This is pre-eminently the age of the novel. the elements of literary and artistic culture The development of variety of fiction since may be instilled at a very early age. The the days of Scott and Cooper is prodigious. second overwhelmingly important consideraThe prejudice against novel-reading is quite tion is that for the great majority of students, broken down, since fiction has taken all the elementary school is the only possible fields for its province; everybody reads novels. scholastic source of culture. According to the Three-quarters of the books taken from the last report of the United States Commissioner circulating library are stories; they make up of Education, of the 15,530, 268 persons athalf the library of the Sunday-schools. If a tending some institution of learning during writer has anything to say, or thinks he has, 1893-'94, all but 623,990 were found in the he knows that he can most certainly reach the elementary schools. The fact that more than ear of the public by the medium of a story. 95 per cent. of all pupils and students never So we have novels for children; novels re- come under the influence of any scholastic inligious, scientific, historical, archæological, stitution other than the elementary school, psychological, pathological, total abstinence; indicates that the culture function of the elenovels of travel of adventure and exploration; mentary school is an exceedingly important novels domestic, and the perpetual spawn of quesion. books called novels of society. Not only is It is to be maintained, therefore, that the everything turned into a story, real or so- elements of literary and artistic culture may called, but there must be a story in every be instilled in childhood. It is a mistake only thing. The stump-speaker holds his audience recently recognized as such by the greater by well-worn stories; the preacher wakes up number of elementary school teachers to ashis congregation by a graphic narrative; and sume that young persons from 6 to 14 years the Sunday-school teacher leads his children of age have neither the taste nor the capacity into all goodness by the entertaining path of for real literature—for those masterpieces of romance; we even had a president who gov. human genius which, because they are the erned the country nearly by anecdotes.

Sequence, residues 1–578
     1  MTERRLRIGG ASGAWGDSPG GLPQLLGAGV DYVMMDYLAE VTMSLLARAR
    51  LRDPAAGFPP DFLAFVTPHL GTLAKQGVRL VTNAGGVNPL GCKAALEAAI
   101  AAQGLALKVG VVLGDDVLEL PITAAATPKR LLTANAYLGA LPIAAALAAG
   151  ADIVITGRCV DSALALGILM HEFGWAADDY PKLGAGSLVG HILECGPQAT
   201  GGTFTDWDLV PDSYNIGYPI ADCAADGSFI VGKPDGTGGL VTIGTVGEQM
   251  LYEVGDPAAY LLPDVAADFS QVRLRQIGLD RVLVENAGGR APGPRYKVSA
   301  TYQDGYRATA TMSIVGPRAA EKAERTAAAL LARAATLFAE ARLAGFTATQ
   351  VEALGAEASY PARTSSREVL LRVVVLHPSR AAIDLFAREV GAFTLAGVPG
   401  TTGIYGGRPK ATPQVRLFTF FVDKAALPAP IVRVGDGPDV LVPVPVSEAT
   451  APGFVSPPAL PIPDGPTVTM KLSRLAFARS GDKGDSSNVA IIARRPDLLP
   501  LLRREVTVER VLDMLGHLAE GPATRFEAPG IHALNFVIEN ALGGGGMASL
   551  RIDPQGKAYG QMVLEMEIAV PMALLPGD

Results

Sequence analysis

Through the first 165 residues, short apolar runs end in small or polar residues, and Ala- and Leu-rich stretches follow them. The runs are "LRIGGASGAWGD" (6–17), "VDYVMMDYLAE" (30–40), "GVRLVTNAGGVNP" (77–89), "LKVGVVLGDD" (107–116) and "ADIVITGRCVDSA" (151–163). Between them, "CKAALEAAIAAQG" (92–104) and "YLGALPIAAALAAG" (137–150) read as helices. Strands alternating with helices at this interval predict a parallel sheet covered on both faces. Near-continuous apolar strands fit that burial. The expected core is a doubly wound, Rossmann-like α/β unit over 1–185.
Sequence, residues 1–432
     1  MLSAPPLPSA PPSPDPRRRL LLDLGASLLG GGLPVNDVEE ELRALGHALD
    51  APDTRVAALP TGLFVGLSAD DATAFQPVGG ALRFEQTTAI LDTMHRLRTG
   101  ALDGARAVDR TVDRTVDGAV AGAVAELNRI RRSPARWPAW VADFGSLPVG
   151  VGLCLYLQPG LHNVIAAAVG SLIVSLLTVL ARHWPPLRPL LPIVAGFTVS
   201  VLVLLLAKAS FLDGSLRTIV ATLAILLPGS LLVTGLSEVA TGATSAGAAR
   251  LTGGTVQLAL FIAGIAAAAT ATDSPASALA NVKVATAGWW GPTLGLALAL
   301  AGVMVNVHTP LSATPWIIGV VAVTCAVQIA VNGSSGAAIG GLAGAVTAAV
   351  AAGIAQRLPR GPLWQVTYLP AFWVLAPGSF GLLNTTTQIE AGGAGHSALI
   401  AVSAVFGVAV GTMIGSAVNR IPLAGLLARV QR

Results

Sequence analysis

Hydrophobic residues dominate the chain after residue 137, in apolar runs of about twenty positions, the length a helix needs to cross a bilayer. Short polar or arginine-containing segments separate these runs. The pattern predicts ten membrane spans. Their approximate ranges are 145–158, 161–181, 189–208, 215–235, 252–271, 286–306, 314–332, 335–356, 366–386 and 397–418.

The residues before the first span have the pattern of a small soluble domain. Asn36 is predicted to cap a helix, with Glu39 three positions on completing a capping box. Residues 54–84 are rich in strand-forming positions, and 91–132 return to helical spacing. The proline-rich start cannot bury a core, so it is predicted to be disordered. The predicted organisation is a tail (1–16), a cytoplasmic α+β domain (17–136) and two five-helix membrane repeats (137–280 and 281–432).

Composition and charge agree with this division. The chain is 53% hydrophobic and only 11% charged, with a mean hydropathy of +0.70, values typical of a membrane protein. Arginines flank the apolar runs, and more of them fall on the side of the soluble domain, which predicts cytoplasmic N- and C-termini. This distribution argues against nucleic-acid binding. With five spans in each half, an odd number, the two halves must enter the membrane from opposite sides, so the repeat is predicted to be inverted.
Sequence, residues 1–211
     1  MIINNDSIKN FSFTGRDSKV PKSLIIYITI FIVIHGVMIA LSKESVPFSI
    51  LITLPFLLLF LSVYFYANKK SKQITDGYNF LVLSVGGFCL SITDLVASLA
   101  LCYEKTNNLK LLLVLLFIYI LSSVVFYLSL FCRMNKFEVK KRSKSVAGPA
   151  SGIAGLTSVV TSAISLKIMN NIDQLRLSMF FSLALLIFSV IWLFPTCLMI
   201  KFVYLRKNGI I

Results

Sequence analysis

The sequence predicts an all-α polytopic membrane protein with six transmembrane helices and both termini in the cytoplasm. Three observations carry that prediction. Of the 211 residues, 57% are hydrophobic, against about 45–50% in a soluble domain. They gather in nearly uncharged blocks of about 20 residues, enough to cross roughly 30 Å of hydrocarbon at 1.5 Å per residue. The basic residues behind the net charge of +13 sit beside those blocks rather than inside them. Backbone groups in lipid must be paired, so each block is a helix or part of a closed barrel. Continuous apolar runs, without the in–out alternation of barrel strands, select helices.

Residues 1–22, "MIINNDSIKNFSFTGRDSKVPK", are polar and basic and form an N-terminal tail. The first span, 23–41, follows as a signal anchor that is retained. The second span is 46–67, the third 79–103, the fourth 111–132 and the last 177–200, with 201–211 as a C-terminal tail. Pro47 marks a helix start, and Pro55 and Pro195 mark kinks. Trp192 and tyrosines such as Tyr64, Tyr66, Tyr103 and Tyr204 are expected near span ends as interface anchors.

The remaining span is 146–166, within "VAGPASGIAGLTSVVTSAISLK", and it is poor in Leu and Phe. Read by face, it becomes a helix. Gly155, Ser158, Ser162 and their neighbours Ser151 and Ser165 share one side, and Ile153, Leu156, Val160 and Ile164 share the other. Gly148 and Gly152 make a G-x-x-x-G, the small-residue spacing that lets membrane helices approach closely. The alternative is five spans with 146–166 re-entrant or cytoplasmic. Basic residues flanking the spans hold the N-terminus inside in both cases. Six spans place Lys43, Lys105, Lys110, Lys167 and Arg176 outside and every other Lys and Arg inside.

works of the highest creative imagination, The result of this universal demand for have a truly educative power. Recent fiction is necessarily an enormous supply, and biography in the case of those who have cared as everybody writes, without reference to to report the earliest sources of their inspiragifts, the product is mainly trash, and trash of tion for literature and art, bears witness to the a deleterious sort; for bad art in literature is powerful influence of literature in early childbad morals. I am not sure but the so-called hood. A few illustrations will suffice. The domestic, the diluted, the “goody,” namby- stories of Hans Anderson now form part of pamby, unrobust stories, which are so largely the course of literature for the fourth year in read by school-girls, young ladies and women, schools in a score of prominent cities in our do more harm than the “knowing,” audacious, country. Now, John Addington Symonds, in wicked ones, also, it is reported, read by his “Autobiography,” records the impression them, and written largely by their own sex. made upon him while a very young child by For minds enfeebled and relaxed by stories Anderson's story of “The Ugly Duckling:” lacking even intellectual fibre are in a poor “The story made a deep impression on my condition to meet the perils of life. This is mind at this time. I sympathized passionnot the place for discussing the stories written ately with the poor bird, swimming round and for the young and for the Sunday-school. It round the duck puddle. I cried convulsively